May 5, 2014

Discovering Solid Ground Through Divorce. ~ Clare Smith

Just divorced

Divorce. I can’t lie and say I didn’t know it was coming.

I knew.

For years we were unhappy and the writing was on the wall (and literally in the mailbox but that story is for another time).

After 35 years with the same guy, no matter how much I thought I was prepared, I was not. My identity was tied up in being a wife to him. I was stable in my life, despite it being unhappy. And change is scary and hard and brings with it, in this case, so many things I did not ever say I wanted.

Like, how are am I going to pay your bills now? And where am I going to live? Who gets the furniture? Where will our family congregate for Thanksgiving?

Everything I had built all these years was coming undone. Unraveling like when pulling a thread. Or tumbling down like a tower of cans built with the kids when they were little and knocked down to watch it all fall.

I have been on this journey four years now, long enough to have some distance and to be well within the re-building cycle. We all come to that at different times. Mine has been a long journey, maybe I’m a slow learner.

But I also had lots of other change tossed in, which is not unique to 50-somethings: my mom moved to independent living in another state; my kids left for college and moved to another region in the country; I experienced menopause. Each of those changes is a story to itself but for the sake of time, let’s just say they happened. Oh, and we sold the house—all the comfort of the family home, gone.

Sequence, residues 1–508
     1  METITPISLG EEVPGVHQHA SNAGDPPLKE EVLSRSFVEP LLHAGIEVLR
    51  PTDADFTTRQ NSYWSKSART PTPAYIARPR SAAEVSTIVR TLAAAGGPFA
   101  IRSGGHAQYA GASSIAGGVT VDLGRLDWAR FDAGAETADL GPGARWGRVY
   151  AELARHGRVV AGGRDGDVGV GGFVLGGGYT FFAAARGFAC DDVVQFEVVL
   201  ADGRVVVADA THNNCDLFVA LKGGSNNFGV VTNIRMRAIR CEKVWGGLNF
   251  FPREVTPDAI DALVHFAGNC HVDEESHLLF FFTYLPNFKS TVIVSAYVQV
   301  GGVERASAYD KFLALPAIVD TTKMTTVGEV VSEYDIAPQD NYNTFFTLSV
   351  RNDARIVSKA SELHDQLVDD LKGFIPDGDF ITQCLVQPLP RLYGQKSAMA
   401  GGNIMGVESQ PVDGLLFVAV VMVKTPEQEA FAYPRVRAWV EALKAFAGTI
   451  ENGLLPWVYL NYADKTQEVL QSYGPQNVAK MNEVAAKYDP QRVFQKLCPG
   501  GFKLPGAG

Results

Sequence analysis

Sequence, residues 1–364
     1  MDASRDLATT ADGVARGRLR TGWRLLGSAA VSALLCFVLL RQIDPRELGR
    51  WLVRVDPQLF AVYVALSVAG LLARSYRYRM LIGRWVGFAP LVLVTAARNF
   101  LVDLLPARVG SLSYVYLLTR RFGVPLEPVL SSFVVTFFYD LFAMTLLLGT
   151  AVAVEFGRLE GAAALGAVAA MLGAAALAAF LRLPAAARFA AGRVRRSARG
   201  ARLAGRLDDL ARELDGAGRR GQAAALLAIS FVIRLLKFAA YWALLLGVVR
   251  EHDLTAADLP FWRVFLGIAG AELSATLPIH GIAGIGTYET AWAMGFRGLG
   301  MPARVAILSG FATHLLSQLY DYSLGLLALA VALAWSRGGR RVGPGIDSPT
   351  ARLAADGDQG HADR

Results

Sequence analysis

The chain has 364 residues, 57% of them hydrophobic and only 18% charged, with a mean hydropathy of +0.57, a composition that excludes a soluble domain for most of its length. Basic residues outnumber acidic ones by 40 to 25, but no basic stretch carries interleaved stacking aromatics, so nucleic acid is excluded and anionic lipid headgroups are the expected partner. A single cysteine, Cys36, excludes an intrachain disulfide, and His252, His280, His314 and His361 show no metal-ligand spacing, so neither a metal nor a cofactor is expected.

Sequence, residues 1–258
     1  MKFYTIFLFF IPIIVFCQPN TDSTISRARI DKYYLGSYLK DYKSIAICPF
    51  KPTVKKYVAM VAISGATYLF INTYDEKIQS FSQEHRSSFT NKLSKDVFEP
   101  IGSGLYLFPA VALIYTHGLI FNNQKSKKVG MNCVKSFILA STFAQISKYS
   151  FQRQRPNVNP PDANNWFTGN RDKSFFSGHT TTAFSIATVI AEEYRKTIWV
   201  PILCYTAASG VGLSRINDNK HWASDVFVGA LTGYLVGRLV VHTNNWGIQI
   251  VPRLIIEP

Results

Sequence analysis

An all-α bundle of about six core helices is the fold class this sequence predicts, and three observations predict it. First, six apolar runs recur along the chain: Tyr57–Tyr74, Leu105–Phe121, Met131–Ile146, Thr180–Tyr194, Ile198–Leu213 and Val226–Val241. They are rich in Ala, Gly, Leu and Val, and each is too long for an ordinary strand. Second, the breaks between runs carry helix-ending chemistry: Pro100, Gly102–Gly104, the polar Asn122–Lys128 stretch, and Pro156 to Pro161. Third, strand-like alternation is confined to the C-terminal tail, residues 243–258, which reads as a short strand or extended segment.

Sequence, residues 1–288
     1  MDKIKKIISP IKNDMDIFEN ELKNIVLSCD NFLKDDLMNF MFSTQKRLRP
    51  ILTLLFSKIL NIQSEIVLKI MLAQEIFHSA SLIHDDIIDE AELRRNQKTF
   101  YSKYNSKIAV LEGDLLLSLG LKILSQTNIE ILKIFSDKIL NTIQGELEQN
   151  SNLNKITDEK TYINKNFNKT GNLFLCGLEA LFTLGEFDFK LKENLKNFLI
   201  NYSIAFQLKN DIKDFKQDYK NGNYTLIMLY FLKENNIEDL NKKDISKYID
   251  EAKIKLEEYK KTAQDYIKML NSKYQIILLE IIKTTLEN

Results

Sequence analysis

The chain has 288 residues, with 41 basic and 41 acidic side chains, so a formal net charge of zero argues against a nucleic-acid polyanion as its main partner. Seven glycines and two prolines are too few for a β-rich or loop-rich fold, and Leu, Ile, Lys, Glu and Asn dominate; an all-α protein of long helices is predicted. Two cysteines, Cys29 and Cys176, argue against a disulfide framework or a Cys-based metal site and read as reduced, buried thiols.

In a sense, there is some humor here because, darn it, it all happened at one time!

Does God have a disturbing sense of humor?

Brought to my knees, I have learned that all things fall away to allow new things to be born.

In The Guest House, Rumi says:

“Even if they are a crowd of sorrows, who violently sweep your house empty of its furniture, still, treat each guest honorably. He may be clearing you out for some new delight.”

Now, it seems that people entering this new territory are approaching me.

For I’ve survived.

I want to throw out a life vest to those going through this experience. Through a combination of my spiritual studies and the knocks of life, I know this much is true: we are all here to help one another. I want to lend my empathy and my story, which I hope will normalize the story of others.

It was not an easy journey but it did not kill me.

I did not only survive, I am thriving.

I was broken open in ways that taught me deeper compassion and ultimately, love, for myself and others, for as the heart breaks, it also expands to allow more love in and more love out.

I became strong and courageous enough to count on only me, glorious, strong, wonderful me!

I found great supporters, including friends and therapists, and came out of this ready to find my new “delight.”

In the grand scheme of things I am a very lucky woman. I am friends with my ex. I adore my kids and my mom and they me. Though far away, we stay close thanks to technology and deep connections of the heart. I’ve learned that “things” are overrated.

And, I have found that the ground beneath my feet really does exist, solid and unwavering.

It was there all the time.


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Apprentice Editor: Yaisa Nio / Editor: Catherine Monkman

Photo: Wikimedia Commons

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